We simulated a population of retinal ganglion cells as linear threshold neurons whose receptive fields were modelled by differenceofGaussian filters with ONcentres [36, 28, 25]. The simulation comprised two subgroups of cells with different receptive field sizes (surrounds and in retinal space, centres and , respectively, one third cells with large receptive fields). For both subgroups, the weight of the surround was of the centre weight. Locations of receptive field centres were based on a reconstruction of soma locations from a patch of mouse retina [47]. As the reconstructed locations in that data set also comprised about amacrine cell somata, we randomly discarded of the cell locations. The resulting patch of retina covered an area of , corresponding to pixels in stimulus space. Correlated noise across neurons was modelled using correlated additive Gaussian noise. Correlations dropped off exponentially with soma distance with a decay constant of i.e. noise covariance matrix was chosen as , where is the distance between neurons and and . We set and . We modelled neural spiking in discrete time using bins. In each bin , the total input to neuron was given by , where is the receptive field of neuron , the vectorised stimulus and the input noise of neuron . A neuron in a given bin is active () if and inactive () otherwise, with offset . Parameters of the simulation (centre and surround sizes, relative strength of centre and surround, magnitude and correlations of noise, spiking threshold) were chosen to roughly match the statistics of neural spiking (firing rates, pairwise correlations, population activity counts) reported in studies of salamander retinal ganglion cells [14, 3, 2]. (Code will be available at www.mackelab.org/code).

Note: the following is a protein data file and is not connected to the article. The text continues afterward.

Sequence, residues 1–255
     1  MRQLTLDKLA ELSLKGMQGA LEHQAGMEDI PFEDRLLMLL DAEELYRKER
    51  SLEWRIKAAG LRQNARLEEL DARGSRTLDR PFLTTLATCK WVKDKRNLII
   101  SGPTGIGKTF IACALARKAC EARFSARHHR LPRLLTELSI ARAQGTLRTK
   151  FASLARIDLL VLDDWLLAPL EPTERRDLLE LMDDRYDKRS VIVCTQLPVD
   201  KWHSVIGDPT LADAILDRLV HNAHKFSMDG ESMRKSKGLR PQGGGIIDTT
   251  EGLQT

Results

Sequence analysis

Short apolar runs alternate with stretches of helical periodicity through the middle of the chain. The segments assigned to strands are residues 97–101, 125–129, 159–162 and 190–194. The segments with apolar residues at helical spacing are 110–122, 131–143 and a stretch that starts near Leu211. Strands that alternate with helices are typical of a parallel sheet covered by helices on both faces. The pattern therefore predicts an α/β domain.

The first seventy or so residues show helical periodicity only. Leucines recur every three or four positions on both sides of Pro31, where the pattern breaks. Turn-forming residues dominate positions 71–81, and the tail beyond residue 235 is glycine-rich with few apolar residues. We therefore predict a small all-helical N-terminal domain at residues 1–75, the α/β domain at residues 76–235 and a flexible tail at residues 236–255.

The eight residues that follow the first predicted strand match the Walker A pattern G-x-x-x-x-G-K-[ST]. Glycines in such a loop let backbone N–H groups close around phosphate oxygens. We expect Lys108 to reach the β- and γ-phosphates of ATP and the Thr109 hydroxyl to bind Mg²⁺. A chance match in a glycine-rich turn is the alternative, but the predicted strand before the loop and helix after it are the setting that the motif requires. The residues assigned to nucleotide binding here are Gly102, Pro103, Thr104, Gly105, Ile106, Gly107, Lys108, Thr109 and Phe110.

Stimuli:
We used three types of stimuli for this study: natural images, checkerboard patterns and fullfield flicker. For natural image stimuli, we used a sequence of images of meadow sceneries taken from low hight. Each image was pixels, and each image was presented for with 300 repetitions total. The luminance histograms of the images were transformed to a normal distribution with mean 0.5 and pixel values between 0 and 1.